Jessi has invested time in additional training to become a better educator. As a medical student she took a medical education elective to hone her presentation skills and teaching in various time-limited medical settings. In residency, she was a part of the Clinical Teaching Seminar Series Honors Certificate Program and graduated on the Clinician-Educator track of her psychiatry program. She served as chief resident of a busy inpatient psychiatric service, learning first-hand through weekly teaching sessions and administrative roles how to be a leader in education. It is perhaps because of her background and true love of teaching that Jessi was one of only 6 residents in the entire Stanford Hospital to be awarded the Arnold P. Gold Foundation’s Humanism and Excellence in Teaching Award by the Stanford medical students. Jessi believes in the importance of evaluation and publication of teaching-related endeavors and has published on many initiatives in international journals.
Jessi has been fortunate to have mentors who supported her in implementing curricular changes at different educational levels, and allowed her exposure to different teaching experiences. In medical school, she spent a summer teaching high school students Medical Science at Oxbridge Programs in Oxford, England. She was able to develop a course from start to finish, and she has been hooked ever since. She is particularly passionate about psychiatry education in medical school, knowing that it is important that all physicians in any field understand and appreciate mental health. She developed and taught two courses to medical students, one on stigma and mental health and another on the medical-psychiatry interface. She utilizes interactive teaching methods, including patient panels, case discussions, and discussions on podcasts. Both were well-received and evaluated and she was asked to teach them multiple years in a row. She has taught the psychiatric interview to every new clerkship student at Stanford and to first and second year students learning to interview their first patients. At the residency level, she created a course called Mind over Media (explained in Mental Health in the Media Section), taught first year residents clinical skills and note writing in an outpatient teaching clinic, and redesigned the inpatient didactics to better integrate with a resident’s clinical work. One addition she was particularly enthusiastic about was allowing residents to sign up to teach fellow residents on a topic of their choosing. She was excited to create one of the few formal opportunities for residents to teach, and her innovative ideas awarded her the Ginsberg Fellowship for promising clinician-educators.
Mental Health in the Media:
Dr. Jessi Gold has always loved watching television and movies, and even did her homework as a child in front of the TV. As she learned more about psychiatry, she became aware of how much popular culture and media influences (often stigmatizes!) perceptions of mental health and mental health providers. Patients would come in and ask her about a television episode or press article and she realized more attention needed to be paid to these sources of information in psychiatric and medical education.
Dr. Gold started a monthly lecture series in her residency entitled Mind Over Media during which residents, faculty, and medical students discussed a piece about psychiatry in the media (news, television, movie, even a song). Topics ranged from gun violence to humor to the genetics of schizophrenia, and often included experts to enrich the discussion. She also incorporated media into her stigma course for medical students with a podcast, and into a small group section she TA’d of a Stanford undergraduate course called Psychosis and Literature. The course focused on older literary works and she supplemented with modern popular press pieces and podcasts. The students greatly enjoyed the conversations and applied what they learned in conversations with friends and family.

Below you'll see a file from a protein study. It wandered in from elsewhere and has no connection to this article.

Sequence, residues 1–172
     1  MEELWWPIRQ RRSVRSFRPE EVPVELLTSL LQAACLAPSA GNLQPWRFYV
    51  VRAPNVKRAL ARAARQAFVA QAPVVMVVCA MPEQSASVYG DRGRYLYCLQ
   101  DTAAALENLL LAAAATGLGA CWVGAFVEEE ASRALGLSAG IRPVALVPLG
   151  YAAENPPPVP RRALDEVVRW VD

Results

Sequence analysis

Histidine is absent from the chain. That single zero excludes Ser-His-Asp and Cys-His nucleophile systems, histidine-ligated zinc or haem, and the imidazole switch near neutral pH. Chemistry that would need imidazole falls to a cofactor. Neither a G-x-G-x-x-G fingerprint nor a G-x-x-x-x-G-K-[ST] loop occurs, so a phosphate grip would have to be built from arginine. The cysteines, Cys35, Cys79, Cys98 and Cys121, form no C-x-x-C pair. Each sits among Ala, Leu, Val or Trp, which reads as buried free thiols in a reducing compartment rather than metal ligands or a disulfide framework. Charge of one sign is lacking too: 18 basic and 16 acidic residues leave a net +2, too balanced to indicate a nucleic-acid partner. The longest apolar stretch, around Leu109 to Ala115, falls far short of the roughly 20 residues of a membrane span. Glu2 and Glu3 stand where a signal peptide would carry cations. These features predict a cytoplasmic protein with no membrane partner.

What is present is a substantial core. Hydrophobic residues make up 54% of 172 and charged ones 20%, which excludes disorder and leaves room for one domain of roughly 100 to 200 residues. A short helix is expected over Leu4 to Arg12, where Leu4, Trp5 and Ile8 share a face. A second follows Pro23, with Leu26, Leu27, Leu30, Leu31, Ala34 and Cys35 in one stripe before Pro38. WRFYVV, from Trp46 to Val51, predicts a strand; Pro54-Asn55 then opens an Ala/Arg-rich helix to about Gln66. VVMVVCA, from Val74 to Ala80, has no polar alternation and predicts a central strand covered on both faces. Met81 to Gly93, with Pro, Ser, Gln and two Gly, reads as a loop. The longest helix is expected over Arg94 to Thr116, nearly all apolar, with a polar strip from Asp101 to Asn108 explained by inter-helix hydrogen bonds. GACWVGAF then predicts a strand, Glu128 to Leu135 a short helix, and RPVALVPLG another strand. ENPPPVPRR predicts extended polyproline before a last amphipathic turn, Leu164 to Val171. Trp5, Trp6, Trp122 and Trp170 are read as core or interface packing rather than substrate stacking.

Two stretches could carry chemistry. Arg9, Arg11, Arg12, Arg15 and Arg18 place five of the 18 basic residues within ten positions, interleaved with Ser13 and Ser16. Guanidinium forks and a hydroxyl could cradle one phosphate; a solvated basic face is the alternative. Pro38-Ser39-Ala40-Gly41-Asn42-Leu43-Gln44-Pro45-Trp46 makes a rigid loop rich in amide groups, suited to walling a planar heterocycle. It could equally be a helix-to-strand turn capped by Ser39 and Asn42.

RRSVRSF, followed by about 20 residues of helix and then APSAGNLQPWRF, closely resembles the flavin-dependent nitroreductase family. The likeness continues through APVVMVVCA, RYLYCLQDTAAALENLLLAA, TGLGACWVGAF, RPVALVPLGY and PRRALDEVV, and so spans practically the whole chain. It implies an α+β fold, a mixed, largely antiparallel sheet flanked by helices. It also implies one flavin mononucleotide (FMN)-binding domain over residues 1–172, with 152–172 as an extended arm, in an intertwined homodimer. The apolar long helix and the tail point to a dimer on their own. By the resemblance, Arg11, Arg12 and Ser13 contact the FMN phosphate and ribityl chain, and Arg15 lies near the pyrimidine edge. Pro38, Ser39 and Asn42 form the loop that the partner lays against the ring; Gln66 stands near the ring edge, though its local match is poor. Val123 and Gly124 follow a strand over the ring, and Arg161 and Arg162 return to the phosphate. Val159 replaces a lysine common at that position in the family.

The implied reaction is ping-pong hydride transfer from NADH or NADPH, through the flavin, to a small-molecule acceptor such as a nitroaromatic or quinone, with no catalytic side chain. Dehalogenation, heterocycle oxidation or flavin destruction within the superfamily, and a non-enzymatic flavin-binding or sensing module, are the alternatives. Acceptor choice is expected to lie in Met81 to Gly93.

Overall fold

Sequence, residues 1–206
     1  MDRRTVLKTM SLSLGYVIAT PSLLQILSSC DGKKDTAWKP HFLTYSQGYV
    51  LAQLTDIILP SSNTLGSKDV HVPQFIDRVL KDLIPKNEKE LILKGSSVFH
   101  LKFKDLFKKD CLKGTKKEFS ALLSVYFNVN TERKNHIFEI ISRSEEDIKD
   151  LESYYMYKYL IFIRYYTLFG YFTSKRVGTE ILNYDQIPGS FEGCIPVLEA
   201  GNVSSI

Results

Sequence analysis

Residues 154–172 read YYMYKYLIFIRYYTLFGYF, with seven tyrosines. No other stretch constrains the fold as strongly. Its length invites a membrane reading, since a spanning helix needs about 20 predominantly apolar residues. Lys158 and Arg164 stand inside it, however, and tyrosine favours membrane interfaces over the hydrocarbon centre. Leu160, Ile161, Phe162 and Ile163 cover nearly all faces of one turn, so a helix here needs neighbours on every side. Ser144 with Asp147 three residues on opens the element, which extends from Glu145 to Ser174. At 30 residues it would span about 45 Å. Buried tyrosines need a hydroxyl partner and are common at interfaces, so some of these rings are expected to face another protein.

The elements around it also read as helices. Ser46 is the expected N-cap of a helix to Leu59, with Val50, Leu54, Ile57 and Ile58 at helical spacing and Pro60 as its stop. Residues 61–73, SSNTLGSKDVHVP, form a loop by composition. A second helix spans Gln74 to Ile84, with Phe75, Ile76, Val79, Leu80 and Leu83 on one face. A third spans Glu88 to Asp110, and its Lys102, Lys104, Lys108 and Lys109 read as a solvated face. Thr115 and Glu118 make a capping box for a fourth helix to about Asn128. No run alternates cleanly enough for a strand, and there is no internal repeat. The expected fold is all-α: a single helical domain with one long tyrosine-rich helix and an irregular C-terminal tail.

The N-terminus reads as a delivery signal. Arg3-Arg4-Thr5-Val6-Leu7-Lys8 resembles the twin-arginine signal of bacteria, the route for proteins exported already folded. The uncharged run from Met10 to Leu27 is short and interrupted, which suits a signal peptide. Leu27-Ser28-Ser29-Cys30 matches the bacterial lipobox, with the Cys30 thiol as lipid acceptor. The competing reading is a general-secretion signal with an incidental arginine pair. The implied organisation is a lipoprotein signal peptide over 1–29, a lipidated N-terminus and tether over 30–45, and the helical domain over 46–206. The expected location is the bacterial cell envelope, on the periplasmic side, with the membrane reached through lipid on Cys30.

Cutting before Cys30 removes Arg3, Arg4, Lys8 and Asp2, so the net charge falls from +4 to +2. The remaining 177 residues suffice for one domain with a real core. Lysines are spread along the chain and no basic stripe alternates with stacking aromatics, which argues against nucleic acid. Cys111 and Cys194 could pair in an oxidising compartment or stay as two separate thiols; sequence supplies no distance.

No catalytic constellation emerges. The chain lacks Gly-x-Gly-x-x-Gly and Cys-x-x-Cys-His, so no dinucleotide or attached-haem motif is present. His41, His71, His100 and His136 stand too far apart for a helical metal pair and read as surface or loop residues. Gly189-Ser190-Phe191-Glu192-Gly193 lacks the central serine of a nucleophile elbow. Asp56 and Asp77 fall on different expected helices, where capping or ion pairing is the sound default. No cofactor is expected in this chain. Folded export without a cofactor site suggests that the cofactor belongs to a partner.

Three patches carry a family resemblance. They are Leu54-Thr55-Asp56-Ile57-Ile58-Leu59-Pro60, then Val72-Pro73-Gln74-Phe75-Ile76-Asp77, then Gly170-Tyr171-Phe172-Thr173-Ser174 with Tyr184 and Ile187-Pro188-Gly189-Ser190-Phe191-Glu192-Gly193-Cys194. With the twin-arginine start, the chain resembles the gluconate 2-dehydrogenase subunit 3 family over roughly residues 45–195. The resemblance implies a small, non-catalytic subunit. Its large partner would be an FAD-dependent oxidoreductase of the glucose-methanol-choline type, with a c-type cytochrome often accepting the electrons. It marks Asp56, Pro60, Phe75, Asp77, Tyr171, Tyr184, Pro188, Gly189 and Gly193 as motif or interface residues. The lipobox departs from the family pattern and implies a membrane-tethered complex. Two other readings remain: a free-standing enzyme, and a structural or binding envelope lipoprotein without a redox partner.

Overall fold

She also focuses some of her scholarly work in this area. She has published an article on media education in psychiatry and presented on similar topics of media literacy nationally at the American Psychiatric Association annual meeting. Dr. Gold hopes to be further involved as a consultant in the shaping of media, and welcomes opportunities for collaboration.
Physician Mental Health and Wellness:
Coming from a medical family, Dr. Gold has always been interested in how doctors train. When she saw humanistic friends who would have made great physicians drop out of premed for other careers due to curriculum and poor advising, she decided to study it. This became her Master’s thesis in Anthropology (An Anthropological Approach to Premedical Education) as she used qualitative research and interviews to better understand premeds as a culture and the significant attrition rate. She remains interested in premeds and will further study and support them through her work.
As a medical student interested in psychiatry, her interest in the medical training process only furthered. She was both inspired and angered at statistics about depression and suicide in medical students. She researched medical student mental health and access to care both locally at medical school and internationally in China and the Middle East. She published this data and continues to research physician wellness. She has experienced bullying, mistreatment, and burnout first hand and written about it. Her own experiences and those of her peers inspired her to create resident-led medical student support groups, which she was able to expand to multiple groups of first and second year medical students who want to continue biweekly meetings facilitated by residents. Dr. Jessi’s own group started as second years, continued as students went onto the wards and into their Ph.D years, and continues to this day. She is working on publishing data on these groups and hopes to start similar wellness initiatives at Washington University as a faculty member.